All of these are important to consider because they can all influence how well the chemotherapy will work and how well you will cope with side effects. Several different chemotherapy drugs may help you. Your oncologist or specialist nurse can talk to you about their benefits and possible side effects.

Depending on your response to previous chemotherapy, your oncologist may also talk to you about using hormonal therapies such as arimadex, tamoxifen or provera. Hormonal therapies help block or lower the amount of hormones in the body to slow down or stop the growth of cancer. They are sometimes used for women with epithelial ovarian cancers, and more commonly used for women with stromal tumours.

Spirituality is about your personal sense of purpose and peace, and your beliefs about the meaning of life.

There are different ways to express your spirituality. For many people, it is through their connection with other people, with nature, and possibly with a higher power. For some people, organised religion provides a way to express spirituality.

It is normal for a diagnosis of cancer to both intensify and cause upheaval in your spiritual life. You may want to talk to a chaplain, minister, priest, rabbi, Imam or other religious leader. Or you may want to explore your own ways of connecting more deeply with others and the world. This may include spending more time in nature, appreciating art and music, reading more widely about spiritual ideas, meditating, or writing in a journal.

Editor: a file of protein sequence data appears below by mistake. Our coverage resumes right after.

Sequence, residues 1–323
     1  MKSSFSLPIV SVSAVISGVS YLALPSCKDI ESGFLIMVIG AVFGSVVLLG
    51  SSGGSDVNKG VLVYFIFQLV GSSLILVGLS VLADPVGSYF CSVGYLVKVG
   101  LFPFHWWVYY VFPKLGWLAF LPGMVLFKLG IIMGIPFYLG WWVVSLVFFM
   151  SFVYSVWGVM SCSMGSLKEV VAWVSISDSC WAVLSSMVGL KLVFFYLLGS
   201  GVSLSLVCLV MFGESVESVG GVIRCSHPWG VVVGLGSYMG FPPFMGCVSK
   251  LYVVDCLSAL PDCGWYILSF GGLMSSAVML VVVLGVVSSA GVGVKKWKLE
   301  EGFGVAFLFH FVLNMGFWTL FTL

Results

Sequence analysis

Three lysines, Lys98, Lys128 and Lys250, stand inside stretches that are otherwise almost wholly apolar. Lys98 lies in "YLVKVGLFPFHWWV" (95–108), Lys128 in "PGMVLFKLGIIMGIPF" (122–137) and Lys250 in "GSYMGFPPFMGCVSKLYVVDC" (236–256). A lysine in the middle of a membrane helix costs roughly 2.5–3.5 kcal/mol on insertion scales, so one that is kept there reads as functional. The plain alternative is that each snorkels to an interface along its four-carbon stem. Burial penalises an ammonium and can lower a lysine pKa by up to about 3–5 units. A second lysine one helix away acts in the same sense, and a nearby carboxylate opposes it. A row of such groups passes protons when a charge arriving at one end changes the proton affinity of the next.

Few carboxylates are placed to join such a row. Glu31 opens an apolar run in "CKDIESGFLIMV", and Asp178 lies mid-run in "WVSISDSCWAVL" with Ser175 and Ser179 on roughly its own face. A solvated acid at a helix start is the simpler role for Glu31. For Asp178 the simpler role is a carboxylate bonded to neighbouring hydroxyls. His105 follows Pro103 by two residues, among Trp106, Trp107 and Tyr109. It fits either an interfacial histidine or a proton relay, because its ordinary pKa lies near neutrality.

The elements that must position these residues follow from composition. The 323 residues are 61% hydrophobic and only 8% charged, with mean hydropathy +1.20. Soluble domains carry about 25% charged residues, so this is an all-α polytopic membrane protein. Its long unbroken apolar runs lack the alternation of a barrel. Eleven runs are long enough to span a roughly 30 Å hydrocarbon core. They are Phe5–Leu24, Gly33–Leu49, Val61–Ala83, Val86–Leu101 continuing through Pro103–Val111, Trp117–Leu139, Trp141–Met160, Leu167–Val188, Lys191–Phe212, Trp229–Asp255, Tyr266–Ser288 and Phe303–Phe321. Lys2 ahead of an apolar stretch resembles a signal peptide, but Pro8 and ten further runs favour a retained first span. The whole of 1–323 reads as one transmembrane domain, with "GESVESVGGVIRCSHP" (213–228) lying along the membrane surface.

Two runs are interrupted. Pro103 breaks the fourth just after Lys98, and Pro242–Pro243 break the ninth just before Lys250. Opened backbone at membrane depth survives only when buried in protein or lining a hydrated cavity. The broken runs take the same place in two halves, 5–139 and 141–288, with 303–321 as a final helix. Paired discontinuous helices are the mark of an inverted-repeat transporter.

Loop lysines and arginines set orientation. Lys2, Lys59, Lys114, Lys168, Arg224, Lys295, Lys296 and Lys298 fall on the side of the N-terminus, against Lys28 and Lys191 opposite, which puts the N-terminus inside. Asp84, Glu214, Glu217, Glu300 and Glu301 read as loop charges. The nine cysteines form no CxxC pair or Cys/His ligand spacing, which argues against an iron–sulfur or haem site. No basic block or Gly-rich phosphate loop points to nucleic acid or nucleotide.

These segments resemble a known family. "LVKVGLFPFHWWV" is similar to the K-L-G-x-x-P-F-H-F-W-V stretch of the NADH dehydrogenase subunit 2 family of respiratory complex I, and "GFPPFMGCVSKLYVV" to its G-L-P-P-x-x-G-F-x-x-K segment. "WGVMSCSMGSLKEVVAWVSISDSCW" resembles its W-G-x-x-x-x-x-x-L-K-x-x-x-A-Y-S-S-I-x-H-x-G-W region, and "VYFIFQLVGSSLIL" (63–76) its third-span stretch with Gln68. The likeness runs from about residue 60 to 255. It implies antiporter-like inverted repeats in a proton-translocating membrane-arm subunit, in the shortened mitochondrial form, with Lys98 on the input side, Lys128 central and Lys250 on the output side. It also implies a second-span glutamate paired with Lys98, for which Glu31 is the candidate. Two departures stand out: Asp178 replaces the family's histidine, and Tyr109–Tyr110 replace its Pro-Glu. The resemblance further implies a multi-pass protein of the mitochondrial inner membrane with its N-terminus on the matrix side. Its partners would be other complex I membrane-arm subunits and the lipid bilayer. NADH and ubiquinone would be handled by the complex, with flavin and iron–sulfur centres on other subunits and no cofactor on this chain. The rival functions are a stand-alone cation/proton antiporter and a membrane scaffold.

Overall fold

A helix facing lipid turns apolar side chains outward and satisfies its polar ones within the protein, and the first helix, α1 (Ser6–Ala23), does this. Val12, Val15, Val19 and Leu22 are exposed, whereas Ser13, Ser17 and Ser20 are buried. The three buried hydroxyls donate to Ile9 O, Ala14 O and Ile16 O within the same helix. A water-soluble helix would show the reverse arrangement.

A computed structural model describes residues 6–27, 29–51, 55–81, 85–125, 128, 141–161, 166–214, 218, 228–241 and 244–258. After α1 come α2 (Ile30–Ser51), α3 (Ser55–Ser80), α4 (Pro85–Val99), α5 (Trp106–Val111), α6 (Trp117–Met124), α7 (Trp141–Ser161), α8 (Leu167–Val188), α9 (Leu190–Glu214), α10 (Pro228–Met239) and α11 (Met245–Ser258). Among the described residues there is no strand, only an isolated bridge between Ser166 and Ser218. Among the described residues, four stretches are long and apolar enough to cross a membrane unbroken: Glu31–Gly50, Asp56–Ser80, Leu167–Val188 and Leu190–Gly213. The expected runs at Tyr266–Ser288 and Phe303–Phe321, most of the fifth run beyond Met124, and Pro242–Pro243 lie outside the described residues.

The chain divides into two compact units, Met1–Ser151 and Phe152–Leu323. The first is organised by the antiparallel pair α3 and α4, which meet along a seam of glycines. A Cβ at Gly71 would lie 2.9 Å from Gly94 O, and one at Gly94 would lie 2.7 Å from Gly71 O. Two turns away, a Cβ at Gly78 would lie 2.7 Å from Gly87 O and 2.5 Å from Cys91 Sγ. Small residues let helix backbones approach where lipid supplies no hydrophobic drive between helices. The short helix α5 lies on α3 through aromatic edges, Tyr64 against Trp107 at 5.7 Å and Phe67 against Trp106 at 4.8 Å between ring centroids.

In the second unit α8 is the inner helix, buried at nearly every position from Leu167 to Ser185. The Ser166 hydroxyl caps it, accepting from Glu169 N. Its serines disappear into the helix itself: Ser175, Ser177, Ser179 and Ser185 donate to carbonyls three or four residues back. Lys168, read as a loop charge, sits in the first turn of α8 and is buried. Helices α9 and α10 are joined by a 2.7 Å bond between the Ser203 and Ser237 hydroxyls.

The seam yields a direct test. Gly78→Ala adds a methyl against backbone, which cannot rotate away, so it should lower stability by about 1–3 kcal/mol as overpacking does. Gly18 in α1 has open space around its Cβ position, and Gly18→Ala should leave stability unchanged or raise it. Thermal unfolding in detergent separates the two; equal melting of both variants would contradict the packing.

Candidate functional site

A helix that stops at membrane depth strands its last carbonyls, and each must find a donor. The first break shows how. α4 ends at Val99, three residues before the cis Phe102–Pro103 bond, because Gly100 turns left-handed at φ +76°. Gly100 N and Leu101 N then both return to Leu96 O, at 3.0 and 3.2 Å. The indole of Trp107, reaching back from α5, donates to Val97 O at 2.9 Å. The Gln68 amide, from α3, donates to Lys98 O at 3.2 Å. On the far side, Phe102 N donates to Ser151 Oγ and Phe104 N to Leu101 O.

Talk to your oncologist about the most suitable schedule and delivery method for second-line chemo. Considerations may include whether IV access is a problem for you or whether nausea and vomiting may make oral chemotherapy less suitable.

Ask your medical oncologist if there is a current clinical trial that may be suitable for you. Most of the improvements we have in the treatment of ovarian cancer today are based on the results of previous clinical trials. These trials are used to assess new treatments and quality of life for both initial and recurrent ovarian cancer. See the Clinical trials section of our website.

Find out more

For more information on recurrent ovarian cancer and its treatment, you can call Ovarian Cancer Australia on 1300 660 334.

Our ‘Fear of cancer recurrence’ booklet provides comprehensive information and discusses cancer recurrence and suggests some tips on how to help you manage your fears. Read the booklet here.

Our OCA Connect online forum gives you access to a community of compassionate and supportive women who have been affected by ovarian cancer. The forum has a group specifically for women who have experienced a recurrence.

Download a Resilience Kit for more information and support when living with a recurrence of ovarian cancer.

This page was last updated in January 2019.